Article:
The new Pharaoh saw the numbers grew to the point of threatening his leadership and rule.  If they ever decided not to stay in line, they could over run the country.  From that point on Pharaoh enslaved the Israelite, forcing them to build cities, make bricks, and work the fields.  They became forced labor.  Growing pain number 1.

After the enslavement, Pharaoh had a talk with the Hebrew midwives.  At Pharaoh’s request, they were to kill any male baby born to the Hebrews (Ex.1.15-16).  They were on a hit list. Growing pain number 2.

Finally, if Pharaoh can’t force their numbers down or abort them out…he was going to drown them out. (Ex. 1.22)  Their babies being thrown into the Nile, was Pharaoh’s way of exerting his power, exercising his authority, and thinning out the Hebrews.  The Nile, which gave life to their land of Goshen, was now the instrument Pharaoh was using to kill their babies.  Genocide.  Growing pain number 3.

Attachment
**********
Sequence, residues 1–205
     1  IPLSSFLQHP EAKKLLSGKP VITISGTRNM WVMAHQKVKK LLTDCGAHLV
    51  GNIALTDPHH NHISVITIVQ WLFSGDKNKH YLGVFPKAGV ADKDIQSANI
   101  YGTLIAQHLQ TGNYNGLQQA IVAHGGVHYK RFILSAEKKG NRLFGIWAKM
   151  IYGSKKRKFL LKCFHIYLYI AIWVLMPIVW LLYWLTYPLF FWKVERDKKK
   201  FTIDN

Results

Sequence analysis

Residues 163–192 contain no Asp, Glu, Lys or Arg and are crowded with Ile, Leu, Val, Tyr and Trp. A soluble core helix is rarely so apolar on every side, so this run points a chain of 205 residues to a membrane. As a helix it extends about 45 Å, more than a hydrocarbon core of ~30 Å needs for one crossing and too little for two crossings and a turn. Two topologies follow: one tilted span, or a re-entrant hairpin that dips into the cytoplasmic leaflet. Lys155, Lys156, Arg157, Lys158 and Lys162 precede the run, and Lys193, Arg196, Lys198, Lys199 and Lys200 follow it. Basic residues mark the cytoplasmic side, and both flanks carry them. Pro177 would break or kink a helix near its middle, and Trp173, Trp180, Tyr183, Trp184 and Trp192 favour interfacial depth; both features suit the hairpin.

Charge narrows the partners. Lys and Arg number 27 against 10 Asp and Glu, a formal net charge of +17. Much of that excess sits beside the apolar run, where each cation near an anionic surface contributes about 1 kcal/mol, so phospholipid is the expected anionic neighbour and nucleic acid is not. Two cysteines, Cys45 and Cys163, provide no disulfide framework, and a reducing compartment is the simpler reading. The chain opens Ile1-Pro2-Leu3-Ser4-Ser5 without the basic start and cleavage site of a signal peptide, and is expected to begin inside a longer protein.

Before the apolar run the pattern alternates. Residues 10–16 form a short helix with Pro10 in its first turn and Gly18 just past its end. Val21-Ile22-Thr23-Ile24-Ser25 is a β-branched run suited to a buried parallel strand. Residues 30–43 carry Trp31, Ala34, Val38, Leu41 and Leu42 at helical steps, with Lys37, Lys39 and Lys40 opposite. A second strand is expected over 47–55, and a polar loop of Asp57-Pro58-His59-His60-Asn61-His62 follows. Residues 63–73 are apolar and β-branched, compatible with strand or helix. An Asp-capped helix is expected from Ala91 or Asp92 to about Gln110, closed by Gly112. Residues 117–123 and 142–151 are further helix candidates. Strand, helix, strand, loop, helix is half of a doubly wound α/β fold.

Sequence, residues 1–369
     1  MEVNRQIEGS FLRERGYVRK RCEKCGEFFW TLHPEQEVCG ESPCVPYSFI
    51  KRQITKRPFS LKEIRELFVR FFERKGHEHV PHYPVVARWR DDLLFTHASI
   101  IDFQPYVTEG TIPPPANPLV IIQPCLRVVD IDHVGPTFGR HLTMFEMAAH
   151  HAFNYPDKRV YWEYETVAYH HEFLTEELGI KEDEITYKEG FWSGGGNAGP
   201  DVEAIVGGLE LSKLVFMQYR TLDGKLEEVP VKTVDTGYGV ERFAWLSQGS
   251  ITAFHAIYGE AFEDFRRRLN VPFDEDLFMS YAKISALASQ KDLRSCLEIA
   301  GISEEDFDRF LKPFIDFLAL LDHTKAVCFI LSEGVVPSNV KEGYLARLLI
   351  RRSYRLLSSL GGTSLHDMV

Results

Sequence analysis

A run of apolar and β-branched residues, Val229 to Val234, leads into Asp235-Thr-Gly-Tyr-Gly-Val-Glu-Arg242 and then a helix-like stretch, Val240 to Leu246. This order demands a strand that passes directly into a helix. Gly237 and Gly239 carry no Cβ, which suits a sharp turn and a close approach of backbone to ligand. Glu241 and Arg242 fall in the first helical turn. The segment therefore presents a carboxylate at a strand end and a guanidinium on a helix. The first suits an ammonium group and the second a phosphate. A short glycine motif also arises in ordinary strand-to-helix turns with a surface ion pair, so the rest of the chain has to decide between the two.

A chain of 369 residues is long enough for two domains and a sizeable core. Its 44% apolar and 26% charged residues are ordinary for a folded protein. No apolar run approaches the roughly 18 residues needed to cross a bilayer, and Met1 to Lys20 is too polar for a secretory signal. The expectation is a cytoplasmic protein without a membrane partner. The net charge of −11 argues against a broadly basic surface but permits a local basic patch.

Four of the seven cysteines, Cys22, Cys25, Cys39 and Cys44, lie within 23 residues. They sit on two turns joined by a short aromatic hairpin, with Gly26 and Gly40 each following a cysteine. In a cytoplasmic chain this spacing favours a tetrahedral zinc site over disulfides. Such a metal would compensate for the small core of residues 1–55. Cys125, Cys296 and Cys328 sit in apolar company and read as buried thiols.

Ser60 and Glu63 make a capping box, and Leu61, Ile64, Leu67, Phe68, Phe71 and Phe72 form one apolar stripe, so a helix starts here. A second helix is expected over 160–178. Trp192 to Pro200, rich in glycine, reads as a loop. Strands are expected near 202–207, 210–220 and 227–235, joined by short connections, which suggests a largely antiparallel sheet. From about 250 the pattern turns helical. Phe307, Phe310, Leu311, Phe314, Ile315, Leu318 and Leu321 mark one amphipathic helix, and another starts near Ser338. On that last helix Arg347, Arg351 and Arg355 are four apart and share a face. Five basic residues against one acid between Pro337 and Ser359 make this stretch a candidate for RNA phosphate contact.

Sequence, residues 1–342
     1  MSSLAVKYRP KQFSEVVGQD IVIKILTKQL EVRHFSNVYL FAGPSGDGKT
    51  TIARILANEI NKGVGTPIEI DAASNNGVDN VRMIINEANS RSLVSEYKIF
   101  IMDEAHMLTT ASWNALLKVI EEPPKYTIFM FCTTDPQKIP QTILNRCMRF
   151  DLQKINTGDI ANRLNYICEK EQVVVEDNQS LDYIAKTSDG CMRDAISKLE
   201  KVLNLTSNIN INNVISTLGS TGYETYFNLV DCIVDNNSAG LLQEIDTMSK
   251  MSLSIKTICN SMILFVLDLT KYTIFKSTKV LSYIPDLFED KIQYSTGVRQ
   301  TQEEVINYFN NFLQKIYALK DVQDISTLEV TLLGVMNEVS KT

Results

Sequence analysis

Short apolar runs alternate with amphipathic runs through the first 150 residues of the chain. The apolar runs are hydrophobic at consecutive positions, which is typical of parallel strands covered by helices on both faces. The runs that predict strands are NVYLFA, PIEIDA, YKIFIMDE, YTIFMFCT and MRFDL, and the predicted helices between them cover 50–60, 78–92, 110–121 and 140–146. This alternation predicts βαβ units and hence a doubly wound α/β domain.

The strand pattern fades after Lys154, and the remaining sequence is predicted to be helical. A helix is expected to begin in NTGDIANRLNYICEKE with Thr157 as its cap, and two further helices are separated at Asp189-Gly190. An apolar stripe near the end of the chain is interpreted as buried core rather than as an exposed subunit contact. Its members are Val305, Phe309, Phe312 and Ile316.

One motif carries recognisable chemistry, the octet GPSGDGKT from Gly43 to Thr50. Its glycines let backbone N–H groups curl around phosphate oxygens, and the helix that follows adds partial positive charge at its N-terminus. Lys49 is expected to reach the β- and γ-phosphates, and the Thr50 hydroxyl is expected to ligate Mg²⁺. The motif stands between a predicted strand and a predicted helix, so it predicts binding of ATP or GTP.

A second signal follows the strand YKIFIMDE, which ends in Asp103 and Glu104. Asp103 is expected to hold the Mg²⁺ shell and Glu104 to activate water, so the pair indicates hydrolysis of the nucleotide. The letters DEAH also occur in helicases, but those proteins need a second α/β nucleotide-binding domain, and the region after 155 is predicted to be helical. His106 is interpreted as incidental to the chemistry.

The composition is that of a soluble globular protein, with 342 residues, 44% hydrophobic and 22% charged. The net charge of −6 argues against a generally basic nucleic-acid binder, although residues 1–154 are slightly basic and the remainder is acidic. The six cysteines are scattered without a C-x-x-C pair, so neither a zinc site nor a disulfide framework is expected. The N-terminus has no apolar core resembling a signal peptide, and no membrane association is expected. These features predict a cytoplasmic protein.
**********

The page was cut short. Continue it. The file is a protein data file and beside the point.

Despite Pharaoh’s best attempts, the Hebrews multiplied.  After Joseph’s death they “were fruitful and multiplied greatly and became exceedingly numerous, and the land was filled with them.” (Ex. 1.7)  Then Pharaoh enslaved them and “the more they were oppressed, the more they multiplied and spread.” (Ex 1.12)  Then Pharaoh tried to abort them, but the midwives feared God (1.17) and the people “increased and became even more numerous.” (1.20) Finally, Pharaoh ordered all male babies thrown into the Nile.  It was from these waters, that Pharaoh’s daughter would “draw out” Moses, the one who would deliver their people. (2.5-6)